Variance Due to Location
Bay Area tide-books typically use the Golden Gate Bridge as the reference point for current. But that rolling wave means slack and peak currents happen at different times at different places throughout the bay.
Tide books also provide standard “differences” to use as corrections for other locations around the bay. (See the back of the book) – The Golden Gate Bridge is used as a reference, where currents are usually the strongest.
<< Calculating differences >>
Here’s a snapshot of a typical flood. it’s just past max flood at the Golden Gate bridge with water pouring in to the bay and heading up to San Pablo bay and beyond, but you’ll notice how the water at Aquatic Park is much slower. At this point the South Bay has largely filled up, and there is much less current heading south. So while the Golden Gate is experience strong current, it might feel like slack in the cove.
Current forecasts are fairly predictable, but they are also affected by rainfall, and during wet winters the predicted currents can be significantly different from what you actually experience.
Current forecasts are fairly predictable, but in springtime, spring rains and snow melt can add to ebb current strength. More water leaves the Bay than comes in and sometimes the the predicted currents can be significantly different from what you actually experience.
Let’s dive into local current variations further. Underwater topography shapes how the water moves in and out of the bay. As the current passes obstructions, or flows from deeper areas to shallower areas, it can change in strength. In some places the current can be running at 4kts, while close by it’ll be calm or even going in the other direction.
To understand what’s happening, it helps to view the underwater topography of SF Bay. Indeed, there’s some quite interesting history behind many of these underwater geographic features. Read about that in USGS Publication, Shifting Shoals & Shattered Rocks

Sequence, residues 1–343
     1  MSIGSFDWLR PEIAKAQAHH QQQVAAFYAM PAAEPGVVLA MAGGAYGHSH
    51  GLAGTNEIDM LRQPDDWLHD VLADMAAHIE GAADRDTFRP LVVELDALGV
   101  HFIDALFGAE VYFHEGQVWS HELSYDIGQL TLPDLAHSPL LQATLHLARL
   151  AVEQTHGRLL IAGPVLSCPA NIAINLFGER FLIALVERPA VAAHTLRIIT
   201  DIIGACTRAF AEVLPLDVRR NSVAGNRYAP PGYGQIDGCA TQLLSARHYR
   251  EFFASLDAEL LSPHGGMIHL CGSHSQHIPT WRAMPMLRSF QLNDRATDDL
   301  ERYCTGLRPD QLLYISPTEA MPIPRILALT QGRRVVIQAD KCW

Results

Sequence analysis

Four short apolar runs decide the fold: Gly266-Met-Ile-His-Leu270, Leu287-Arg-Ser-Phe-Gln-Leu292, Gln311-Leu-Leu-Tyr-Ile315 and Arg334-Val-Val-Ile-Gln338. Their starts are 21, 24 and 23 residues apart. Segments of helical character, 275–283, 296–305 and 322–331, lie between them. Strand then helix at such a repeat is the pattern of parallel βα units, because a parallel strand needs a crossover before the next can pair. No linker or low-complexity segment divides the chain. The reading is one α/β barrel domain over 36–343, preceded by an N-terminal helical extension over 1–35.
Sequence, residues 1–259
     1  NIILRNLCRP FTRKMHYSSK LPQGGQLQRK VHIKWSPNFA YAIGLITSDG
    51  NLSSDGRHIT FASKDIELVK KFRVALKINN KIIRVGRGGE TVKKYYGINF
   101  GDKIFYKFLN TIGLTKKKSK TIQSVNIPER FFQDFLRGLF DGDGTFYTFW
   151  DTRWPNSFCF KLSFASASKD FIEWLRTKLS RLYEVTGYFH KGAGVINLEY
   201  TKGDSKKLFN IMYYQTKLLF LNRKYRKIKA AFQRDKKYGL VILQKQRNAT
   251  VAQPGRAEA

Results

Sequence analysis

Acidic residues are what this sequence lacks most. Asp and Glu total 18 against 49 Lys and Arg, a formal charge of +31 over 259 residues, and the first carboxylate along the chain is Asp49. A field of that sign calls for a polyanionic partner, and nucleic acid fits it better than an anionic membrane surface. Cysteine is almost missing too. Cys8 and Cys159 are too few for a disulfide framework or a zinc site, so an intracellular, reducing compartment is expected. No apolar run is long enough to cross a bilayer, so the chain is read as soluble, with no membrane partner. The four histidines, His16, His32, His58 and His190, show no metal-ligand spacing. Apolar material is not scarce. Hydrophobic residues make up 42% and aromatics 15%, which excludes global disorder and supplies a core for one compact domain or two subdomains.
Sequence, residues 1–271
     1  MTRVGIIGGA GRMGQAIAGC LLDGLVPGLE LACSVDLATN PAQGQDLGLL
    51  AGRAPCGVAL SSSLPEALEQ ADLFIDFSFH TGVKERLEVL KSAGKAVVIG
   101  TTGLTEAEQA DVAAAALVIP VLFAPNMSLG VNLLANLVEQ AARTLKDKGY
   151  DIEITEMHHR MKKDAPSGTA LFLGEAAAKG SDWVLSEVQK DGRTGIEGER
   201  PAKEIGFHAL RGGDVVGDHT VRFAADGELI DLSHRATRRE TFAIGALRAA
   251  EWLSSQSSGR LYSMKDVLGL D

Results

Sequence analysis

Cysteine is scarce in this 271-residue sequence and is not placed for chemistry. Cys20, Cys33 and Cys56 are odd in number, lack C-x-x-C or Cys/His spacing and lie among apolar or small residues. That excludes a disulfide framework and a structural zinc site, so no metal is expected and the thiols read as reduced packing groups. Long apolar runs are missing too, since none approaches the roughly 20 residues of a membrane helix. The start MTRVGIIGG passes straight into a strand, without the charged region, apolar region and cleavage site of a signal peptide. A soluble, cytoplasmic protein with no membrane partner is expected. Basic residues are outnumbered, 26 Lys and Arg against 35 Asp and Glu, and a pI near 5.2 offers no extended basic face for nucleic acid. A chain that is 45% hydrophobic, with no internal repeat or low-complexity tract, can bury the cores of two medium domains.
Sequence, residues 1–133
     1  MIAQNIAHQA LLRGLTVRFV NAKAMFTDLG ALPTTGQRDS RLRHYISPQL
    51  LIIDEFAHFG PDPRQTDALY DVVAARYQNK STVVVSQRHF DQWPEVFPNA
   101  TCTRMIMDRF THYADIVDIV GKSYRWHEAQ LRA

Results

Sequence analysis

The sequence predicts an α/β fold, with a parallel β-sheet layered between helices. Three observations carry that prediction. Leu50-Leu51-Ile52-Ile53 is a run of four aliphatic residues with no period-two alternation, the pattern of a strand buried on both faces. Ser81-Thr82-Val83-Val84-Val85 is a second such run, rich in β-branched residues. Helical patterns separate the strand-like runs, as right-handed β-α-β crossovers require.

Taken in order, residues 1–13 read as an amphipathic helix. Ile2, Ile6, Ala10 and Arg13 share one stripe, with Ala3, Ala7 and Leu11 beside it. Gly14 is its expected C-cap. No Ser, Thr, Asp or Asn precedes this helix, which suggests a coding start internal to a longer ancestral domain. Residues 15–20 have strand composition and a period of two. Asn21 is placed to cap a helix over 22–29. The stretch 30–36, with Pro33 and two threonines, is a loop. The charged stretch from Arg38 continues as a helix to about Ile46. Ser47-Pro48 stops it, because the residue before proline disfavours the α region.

Now, take a look at this video and watch how the bay fills and empties with current at different strengths at different parts of the cycle. See if you can spot areas of strong current and match them with whats happening underneath the surface!
Ebbing water becomes faster and more violent as you approach the constriction at the GG Bridge.
It’s important to review the currents before you go out on the water, but there is nothing better than paying attention with your own eyes before you go out
<< Video of Eyeballing Current from the Dock >>
Planning your outing:
When going out of cove in a rowboat, kayak or paddleboard, you want to “do the hard part first.” – There’s nothing worse than having to fight to get back to the club. There’s nothing better than an easy row home after a hard workout to get somewhere.
So row out up-current (into the current) – Ride the current home to the club
- Rowing the boat at 3.5 knots, in a 1.5 knot ebb, The right way:
- Row east making 2 knots net speed (3.5 knots rowing minus 1.5 knot of current).
- Get to Ferry Building (2 nm) in one hour.
- Return at 5 knots, getting safely to DC in 25 minutes
The wrong way:
- Row west making 5+ knots net speed
- Get to far end of Crissy Field in only 25 min.
- Turn into current (stronger close to GGB) and make less than 2 knot net speed toward home.
- Stagger back to DC in 1.5 hours or more.
Be wary of strongest ebb currents. Plan carefully.
Stay close to shore against the current and take advantage of obstacles, like piers, that block the current.
After the tides, the wind is the next biggest factor affecting the conditions of the Bay. Wind is more of a problem for rowers than swimmers, rowing into the wind can negate any current that may have been helping you
When the current and wind are in opposing directions, there will also be bigger waves and rougher water.
The wind generally blows from West to East.
- During an ebb this means that the wind will be blowing against the current creating larger surface waves.
- During a flood the wind can smooth the surface of the Bay.
Always check the weather forecast before going for a row or swim. Conditions can change rapidly while you are out and catch you unprepared.
Navigating with Current
Angle into a current when rowing across the flow:
Don’t let a current push you below (down current) from your goal. Hard rowing getting back upstream!
Sighting with two points.